The divide is as clear-cut as the glass-and-metal skyline of booming Baku.
Thursday, May 20, 2010
Wednesday, March 10, 2010
Embassy Magazine famous Canadian newspaper published an article titled, “Azerbaijan Continues Looking for Scapegoats in the Khojalu Fiasco”.
“Karabakh, heart of Armenia, was inexplicably snatched from Armenia in a sinister stroke of the pen by Joseph Stalin and placed under the jurisdiction of Soviet Azerbaijan as an “autonomous province”: a game of political expediency by the newly established Soviet authorities in the early 1920s to gain favours from the newly emerging Turkey and extend Soviet inference among its Turkic neighbours.
Karabakh, which was 90% Armenian-populated, never ceased complaining to the Central authorities in Moscow and expressing dissatisfaction over Azeri treatment, and continued lobbying for realization of its aspirations to be part of the motherland, Armenia.
Hundreds of thousands Armenians demonstrated in 1988 urging the Kremlin for action and the return of Karabakh to its rightful owner, Armenia. In response, the slaughter of Armenians was unleashed in Baku, the capital of Azerbaijan, and continued for a week before Soviet troops were brought in to end the violence. Baku was emptied of its 250.000 Armenians, an industrious and loyal minority. Similar massacres of cleansing were organized in the Azeri cities of Sumgait and Kirovabad and later in the Shahumian district of Karabakh. As the Soviet Union disintegrated, fighting erupted all over Karabakh. It was a superhuman struggle of life and death for Armenians again in the belief that force cannot constitute the basis of rights.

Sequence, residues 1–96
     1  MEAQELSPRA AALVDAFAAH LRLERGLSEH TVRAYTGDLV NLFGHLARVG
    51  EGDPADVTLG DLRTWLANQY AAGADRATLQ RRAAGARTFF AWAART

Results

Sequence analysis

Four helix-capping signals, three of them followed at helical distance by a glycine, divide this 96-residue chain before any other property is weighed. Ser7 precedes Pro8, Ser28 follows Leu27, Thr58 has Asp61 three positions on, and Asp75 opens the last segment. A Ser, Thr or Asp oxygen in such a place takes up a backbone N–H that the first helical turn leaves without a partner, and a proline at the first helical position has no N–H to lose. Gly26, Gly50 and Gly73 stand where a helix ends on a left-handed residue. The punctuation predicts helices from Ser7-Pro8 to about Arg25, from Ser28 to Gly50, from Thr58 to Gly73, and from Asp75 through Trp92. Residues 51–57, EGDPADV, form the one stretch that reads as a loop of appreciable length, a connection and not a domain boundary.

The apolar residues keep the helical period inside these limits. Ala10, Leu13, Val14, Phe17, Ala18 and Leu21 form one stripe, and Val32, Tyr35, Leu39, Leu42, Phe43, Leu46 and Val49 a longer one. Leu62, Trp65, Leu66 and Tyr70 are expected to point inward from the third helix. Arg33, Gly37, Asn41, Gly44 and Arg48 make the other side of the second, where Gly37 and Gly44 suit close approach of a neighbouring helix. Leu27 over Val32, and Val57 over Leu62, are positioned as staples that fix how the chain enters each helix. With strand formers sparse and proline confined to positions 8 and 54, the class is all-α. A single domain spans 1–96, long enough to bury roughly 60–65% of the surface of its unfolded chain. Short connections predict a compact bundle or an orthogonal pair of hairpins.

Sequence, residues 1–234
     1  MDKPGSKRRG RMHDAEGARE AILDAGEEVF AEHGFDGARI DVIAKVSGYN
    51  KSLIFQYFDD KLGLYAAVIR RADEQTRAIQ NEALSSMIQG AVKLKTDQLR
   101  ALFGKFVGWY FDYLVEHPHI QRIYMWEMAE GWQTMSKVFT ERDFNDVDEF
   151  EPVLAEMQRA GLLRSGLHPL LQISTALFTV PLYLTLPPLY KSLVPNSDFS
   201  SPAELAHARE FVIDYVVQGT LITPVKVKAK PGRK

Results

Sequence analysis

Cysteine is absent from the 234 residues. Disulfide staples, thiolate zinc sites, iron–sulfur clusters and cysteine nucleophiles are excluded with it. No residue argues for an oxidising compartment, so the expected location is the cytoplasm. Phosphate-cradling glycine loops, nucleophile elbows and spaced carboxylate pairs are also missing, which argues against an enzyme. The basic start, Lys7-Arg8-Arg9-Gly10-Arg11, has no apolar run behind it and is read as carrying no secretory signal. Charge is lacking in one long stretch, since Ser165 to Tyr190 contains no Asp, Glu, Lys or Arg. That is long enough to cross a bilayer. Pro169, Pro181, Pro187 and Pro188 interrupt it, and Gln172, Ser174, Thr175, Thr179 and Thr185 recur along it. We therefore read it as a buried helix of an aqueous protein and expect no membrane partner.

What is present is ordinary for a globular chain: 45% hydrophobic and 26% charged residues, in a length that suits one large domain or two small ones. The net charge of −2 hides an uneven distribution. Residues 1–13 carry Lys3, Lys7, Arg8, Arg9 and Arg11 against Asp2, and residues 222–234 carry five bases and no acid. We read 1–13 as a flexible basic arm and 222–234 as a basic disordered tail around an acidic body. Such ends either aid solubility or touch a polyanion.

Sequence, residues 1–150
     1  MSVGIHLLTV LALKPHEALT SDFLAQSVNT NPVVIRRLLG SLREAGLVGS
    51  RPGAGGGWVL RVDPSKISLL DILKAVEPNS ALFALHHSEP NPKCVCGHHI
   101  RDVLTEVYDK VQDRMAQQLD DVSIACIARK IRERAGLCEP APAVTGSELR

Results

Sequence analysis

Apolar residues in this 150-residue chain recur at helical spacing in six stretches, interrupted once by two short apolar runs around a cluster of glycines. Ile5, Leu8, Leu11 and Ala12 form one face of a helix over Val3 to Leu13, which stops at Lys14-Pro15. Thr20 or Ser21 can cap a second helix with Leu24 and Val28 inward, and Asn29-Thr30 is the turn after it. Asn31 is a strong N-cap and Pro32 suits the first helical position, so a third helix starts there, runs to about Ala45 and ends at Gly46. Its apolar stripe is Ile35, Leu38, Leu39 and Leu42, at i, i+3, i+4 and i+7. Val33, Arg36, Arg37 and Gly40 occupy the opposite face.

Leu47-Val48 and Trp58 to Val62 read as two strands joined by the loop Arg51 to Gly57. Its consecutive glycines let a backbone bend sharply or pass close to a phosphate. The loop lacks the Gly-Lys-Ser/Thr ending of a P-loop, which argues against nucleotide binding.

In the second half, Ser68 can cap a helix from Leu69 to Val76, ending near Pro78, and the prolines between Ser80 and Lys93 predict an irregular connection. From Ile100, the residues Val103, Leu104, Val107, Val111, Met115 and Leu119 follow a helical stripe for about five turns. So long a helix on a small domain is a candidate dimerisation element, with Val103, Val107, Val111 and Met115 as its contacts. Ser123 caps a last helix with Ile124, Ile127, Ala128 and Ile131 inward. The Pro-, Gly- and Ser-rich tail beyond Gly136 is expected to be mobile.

As the fighting continued, the Azeris started creating myths in order to rationalize their defeat. The most sordid of these fictitious scenarios was one about Khojalu.
Eighteen years have passed since the alleged February 26 Khojalu massacres. Today, Baku tries to use those events to conceal the pogroms that took place in Sumgait during February 1988 and other cities thereafter,” the article stated.
The Sumgait pogroms (also known as the Sumgait Massacre or February Events) was an Azeri-led pogroms of the Armenian population of Azerbaijani Sumgait from 26 to 29 February 1988. On February 27, 1988, large mobs made up of Azeris formed into groups that went on to attack and killed Armenians both on the streets and in their apartments. Sumgait pogroms lasted three days and were accompanied by widespread violence, looting and murder. Sumgait events signaled the beginning of another unprecedented wave of anti-Armenian persecutions and violence in Azerbaijan, a new genocide. The victims of this of anti-Armenian persecutions and violence were Armenians of Kirovabad, Kazakhs, Khanlar, Dashkesan, Mingechaur, Baku and other towns and villages of Azerbaijan. This has led to floods of refugees from Azerbaijan in Nagorno-Karabakh and Armenia.
Friday, March 5, 2010
If these mansions could talk . . . : Pricey deals in Dubai raise questions about Azerbaijani President ..
Wednesday, February 24, 2010
The Azerbaijani side, including official sources, is trying to resort to new falsifications to trample Armenians in the mud. Using pictures of the pogroms in Kosovo, a Kurdish child killed in a disaster and others, the Azeri side is trying to present them as proofs of the Khojali tragedy.
On February 24, the xocali.net website was presented. The website is designed to expose similar falsification.
In the course of the presentation, the history of distortion of facts by Azerbaijani about the Khojali tragedy of 1992 was presented.
To expose the falsifications and misinformation by Azerbaijani, the Xenophobia Prevention Initiative created the http://xocali.net/ website.
About 20 false pictures have been found. The Azerbaijani side used them to cause the international community to form a negative opinion on Armenians. Azerbaijani are using pictures of Kosovo pogroms of 1999 or presenting the picture of the same dead body with hair and then scalped.
The lists of victims have been falsified by Azerbaijan’s government agencies. Specifically, the name of one person is spelled in different ways as though it were several people. NGO’s exposures are based on Azerbaijani sources.
The Director of the Armenian Genocide Museum – Institute Hayk Demoyan provided the results of his surveys to the http://xocali.net/ website. Specialists from Public Relations and Information Center, RA Presidential Staff, rendered their assistance to the project.
The http://xocali.net/ website has Russian, English and Azerbaijani versions. The French, German and Persian versions will be available soon.